About #677 and other functions on top of ERC20

It seems that the as been a recent regain of interest issue for #677 (that is NOT an ERC has it doesn’t have the proper documentation) both on the EIP repo and on youtube, with ChicoCrypto making a video about it.

While I love the underlying idea, I have to emphasize that there are many ways to achieve the same results. I know at least 2:

  • Chainlink’s (and Dai’s ?) transferAndCall:

the function transferAndCall(address receiver, uint amount, bytes data) transfers some tokens and calls the function onTokenTransfer(address from, uint256 amount, bytes data) on the receiving side to notified the tranfered happened.

  • iExec’s approveAndCall

the function approveAndCall(address _spender, uint256 _value, bytes _extraData) only approves the transfer, and call the function receiveApproval(address _from, uint256 _value, address _token, bytes _extraData) on the receiving side to notifity it can transferFrom

I personnaly prefer the second pattern, because despite it using a little bit more gas, it doesn’t break the approve-transferFrom workflow dapps are used to. Also receiver are less likelly to have bugs due to poor implementation of the onTokenTransfer function.

I’m sure people will have other views: lets discuss that, and eventually make up a standard for futur tokens (even though ERC20 are not that hyped anymore)

@MicahZoltu & @se3000, you might have many things to say

The long term solution to this problem is Rich Transactions, which I have been trying to work on. It would allow a single signed transaction to do multiple operations in a row such as approve and then call.

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@amxx thanks for bringing that up here.

I also prefers the approveAndCall approach. it is also the approach we choose at Sandbox except that as notification, we simply ensure the first param of the call data being forwarded is equal to the msg.sender. This is unconventional and I would instead now use something like EIP-2771 to pass the notification data (the address should be sufficient though)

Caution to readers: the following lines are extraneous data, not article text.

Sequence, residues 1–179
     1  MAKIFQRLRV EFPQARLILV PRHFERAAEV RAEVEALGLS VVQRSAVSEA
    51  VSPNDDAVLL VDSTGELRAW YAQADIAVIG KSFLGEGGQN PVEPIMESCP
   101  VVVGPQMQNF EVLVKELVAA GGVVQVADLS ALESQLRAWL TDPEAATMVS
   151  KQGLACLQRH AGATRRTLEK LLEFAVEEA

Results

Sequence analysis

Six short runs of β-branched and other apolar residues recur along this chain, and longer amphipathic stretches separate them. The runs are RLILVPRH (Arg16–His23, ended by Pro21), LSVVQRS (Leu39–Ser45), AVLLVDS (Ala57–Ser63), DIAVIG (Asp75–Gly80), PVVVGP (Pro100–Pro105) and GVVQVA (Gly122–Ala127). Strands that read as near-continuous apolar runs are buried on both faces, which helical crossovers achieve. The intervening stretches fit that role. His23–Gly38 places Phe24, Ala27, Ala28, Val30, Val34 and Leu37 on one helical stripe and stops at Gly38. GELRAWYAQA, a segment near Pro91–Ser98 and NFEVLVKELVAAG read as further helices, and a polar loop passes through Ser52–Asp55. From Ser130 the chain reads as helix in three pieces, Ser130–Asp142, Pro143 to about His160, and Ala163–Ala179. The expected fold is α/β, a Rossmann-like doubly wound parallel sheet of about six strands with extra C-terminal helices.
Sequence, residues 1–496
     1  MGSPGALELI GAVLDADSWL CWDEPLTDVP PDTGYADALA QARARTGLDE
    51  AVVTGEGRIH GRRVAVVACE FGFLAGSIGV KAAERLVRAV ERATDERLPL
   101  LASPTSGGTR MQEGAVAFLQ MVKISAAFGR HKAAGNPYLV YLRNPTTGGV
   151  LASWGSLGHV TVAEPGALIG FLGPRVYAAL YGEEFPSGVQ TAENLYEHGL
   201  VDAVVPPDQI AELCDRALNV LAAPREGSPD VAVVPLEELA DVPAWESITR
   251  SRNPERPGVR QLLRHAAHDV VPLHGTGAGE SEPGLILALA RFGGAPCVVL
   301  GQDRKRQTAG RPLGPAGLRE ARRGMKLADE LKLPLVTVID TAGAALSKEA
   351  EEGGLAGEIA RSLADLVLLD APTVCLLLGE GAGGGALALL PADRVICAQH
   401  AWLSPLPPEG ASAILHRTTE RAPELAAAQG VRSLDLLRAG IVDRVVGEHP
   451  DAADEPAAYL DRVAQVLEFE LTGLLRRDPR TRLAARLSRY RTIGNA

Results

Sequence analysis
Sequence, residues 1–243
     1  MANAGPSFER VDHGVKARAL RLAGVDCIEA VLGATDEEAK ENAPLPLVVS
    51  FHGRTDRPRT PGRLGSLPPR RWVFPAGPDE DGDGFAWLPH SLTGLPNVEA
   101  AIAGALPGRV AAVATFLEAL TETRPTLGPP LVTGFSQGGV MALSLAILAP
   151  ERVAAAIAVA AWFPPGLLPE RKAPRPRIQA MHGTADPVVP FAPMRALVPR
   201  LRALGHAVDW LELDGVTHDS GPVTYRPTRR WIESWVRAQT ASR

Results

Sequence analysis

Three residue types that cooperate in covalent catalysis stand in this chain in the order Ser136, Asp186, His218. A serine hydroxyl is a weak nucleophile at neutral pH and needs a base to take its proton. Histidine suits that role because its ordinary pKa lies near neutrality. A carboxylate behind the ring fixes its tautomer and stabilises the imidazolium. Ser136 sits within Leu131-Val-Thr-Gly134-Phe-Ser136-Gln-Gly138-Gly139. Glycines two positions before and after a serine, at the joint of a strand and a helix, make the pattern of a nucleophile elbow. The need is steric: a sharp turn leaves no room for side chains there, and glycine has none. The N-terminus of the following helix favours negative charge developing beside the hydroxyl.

The nice thing about is that it retain the freedom of the receiver to choose the function signatures it wish.

I have another proposition : https://github.com/wighawag/transfer-gateway
There are quire few variant of these “transfer gateway”
The simplest is the “Trusted gateway” shown in the repo, where we only need one deployed per network.

One benefit for it is that it works with existing ERC20 contract.
The gateway need to be user approved once per erc20 and then it work with every gateway recipient.

For new ERC20 contract they can make the gateway a pre-approved operator for all owner to not require further approval

The gateway could also support EIP-2612 permit message so it handle all approval automatically as part of the tx.

For recipient, the logic is quite simple with a trusted gateway, they simply extract msg.data (a la EIP-2771 metatx _msgSender trick) : https://github.com/wighawag/transfer-gateway/blob/c09d33ca6e116b9e65ca1d6ce46fe90e39b0f14f/src/ERC20Consumer.sol#L27-L41
This way there is no need for specific receive function, simplifying the receiver code